Priya Lakhani is at pains to express how many of the achievements in her colourful career were driven by a strong moral conviction to make the world a better place.
This is because the founder of ed tech firm Century Tech is acutely aware of fears over the potential harms from technology being misused (she sits on the government’s AI Council). But also because of the “cruel” accusations thrown her way.
She recounts one investor meeting where an ed tech entrepreneur held up on stage a picture of Elizabeth Holmes – the American facing jail for fraud related to her failed blood-testing company – and told the audience: “This is the AI in Ed tech in the UK”.
This was “really awful and very hurtful”, Lakhani says, because “everyone knows” that her social enterprise firm, which provides a personalised learning platform for 1.2 million students in 55 countries, is “the big AI company not just in the UK, but Europe…and frankly the US. How dare they do that? That’s a defamation case, isn’t it?”
Lakhani would know the answer – before moving into business she was a libel barrister.
It means I’m at pains to walk the line between asking probing questions for objective journalism and not offending Lakhani.
In some ways it is easy: she is instantly likeable. Her door sign at Century’s London office, where Lakhani has been making “pancake cakes” for staff (like pancakes but deliciously spongey) reads ‘Dumbledore’s office’.
Like Harry Potter’s headmaster, she’s a wise and morally steadfast educational leader. Unlike him, her thoughts tumble out at 100 miles an hour, leaving me struggling to get a word in edgeways. Pinning her down on some of the tougher questions isn’t easy.
Autism claim questions
Century’s AI-powered, adaptive learning platform is used by 1,200 schools in England. Some 75 per cent of them are state-run and the rest independent, including Eton College.
It can be used in class for diagnostic assessments and lesson planning, or outside the classroom for homework or revision.
Its “personalised” approach adapts learning to the user and Lakhani says it saves teachers time by marking pupils’ progress. A dashboard tells them which students are struggling, why, and how to deal with them.
Prices start at £1,200 for primaries and £3,500 for secondaries. A randomised control trial of the AI is still lacking but Lakhani points to independent studies, such as one by Nesta which shows a 20-30 per cent improvement in adult learners’ digital skills.
Century’s AI, which incorporates “neuroscientific theories on memory function, engagement and motivation”, has been “trained on big data” for almost a decade now, “getting smarter” every time a learner uses it.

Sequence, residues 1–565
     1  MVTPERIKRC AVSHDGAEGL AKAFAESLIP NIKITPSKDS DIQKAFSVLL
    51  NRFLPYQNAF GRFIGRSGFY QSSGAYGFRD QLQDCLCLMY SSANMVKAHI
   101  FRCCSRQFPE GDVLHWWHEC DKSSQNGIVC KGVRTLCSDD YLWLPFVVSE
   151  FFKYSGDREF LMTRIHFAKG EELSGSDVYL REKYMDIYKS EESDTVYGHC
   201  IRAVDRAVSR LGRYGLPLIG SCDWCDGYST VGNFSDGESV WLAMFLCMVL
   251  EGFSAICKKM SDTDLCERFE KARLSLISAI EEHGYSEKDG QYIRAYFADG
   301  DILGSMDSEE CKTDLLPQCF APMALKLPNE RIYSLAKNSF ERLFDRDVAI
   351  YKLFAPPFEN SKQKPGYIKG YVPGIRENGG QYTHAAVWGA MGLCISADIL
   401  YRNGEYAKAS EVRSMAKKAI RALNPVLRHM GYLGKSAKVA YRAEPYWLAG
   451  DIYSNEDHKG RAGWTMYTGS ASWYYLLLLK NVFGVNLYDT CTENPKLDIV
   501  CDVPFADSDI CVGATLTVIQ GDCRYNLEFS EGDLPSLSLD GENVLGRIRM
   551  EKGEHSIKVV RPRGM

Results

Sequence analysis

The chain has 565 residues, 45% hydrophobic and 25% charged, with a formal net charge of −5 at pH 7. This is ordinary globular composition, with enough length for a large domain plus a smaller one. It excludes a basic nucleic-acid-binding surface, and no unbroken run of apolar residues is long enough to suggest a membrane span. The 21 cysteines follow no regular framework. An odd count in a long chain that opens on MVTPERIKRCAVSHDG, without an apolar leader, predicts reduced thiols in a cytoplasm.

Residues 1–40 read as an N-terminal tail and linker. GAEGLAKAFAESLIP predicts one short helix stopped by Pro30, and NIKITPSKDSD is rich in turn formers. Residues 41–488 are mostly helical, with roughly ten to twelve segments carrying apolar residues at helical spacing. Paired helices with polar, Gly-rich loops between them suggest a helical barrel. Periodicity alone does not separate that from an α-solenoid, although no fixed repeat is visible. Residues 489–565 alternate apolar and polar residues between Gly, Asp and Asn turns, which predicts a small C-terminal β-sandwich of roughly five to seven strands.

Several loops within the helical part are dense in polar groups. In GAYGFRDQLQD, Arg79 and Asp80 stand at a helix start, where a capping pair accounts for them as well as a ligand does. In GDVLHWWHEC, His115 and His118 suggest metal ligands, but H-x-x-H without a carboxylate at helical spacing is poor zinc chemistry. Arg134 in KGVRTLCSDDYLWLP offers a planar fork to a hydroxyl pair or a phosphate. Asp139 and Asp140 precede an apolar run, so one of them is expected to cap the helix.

Lakhani bats off GDPR concerns about harvesting data: users are told the AI is analysing their data, which is later provided to teachers.
With autism, it was overwhelming, the patterns that we saw
Schools Week has also unsuccessfully tried to get answers to a well-reported claim from Lakhani that her AI can predict with 96 per cent accuracy whether a child is autistic.
Lakhani says behavioural tracking movements detected by the platform’s AI correlate with demographic data from school information management systems indicating whether a child has special needs.
“With autism, it was overwhelming, the patterns that we saw,” she says.
Studies show as many as one in 44 children may have autism. An Observer newspaper investigation last year found some children were waiting five years for an NHS autism appointment.
A tool to diagnose the condition could revolutionise the education and health sectors, and make big money. So why the secrecy?
She refuses again to publish “commercially sensitive” studies, adding: “We are an EdTech company, we put the ed before the tech…I have learned from the experts who know what they’re talking about that this [technology] is not an appropriate way to diagnose autism.
“It may be helpful in the future, with a human being as an aide. But if you’re going to advertise it can diagnose, it has to be done right. Century has to do things the right way.”
While she would “love to” work with an autism charity and academia to publish a “full study”, this is “a matter of timing and resources”.
Entrepreneurialism runs in the family
For now, Lakhani’s focus is “getting the technology in front of as many students as possible, improving outcomes, reducing teacher workload and to personalize as much as we can”.
She has a formidable work ethic that makes it hard to doubt she will succeed.
At grammar school, Lakhani was told by some teachers she would “never be a lawyer” because she was “brown and female”. She worked through lunch hours to prove them wrong.
At university, while other law students had two or three work placements, she had 20.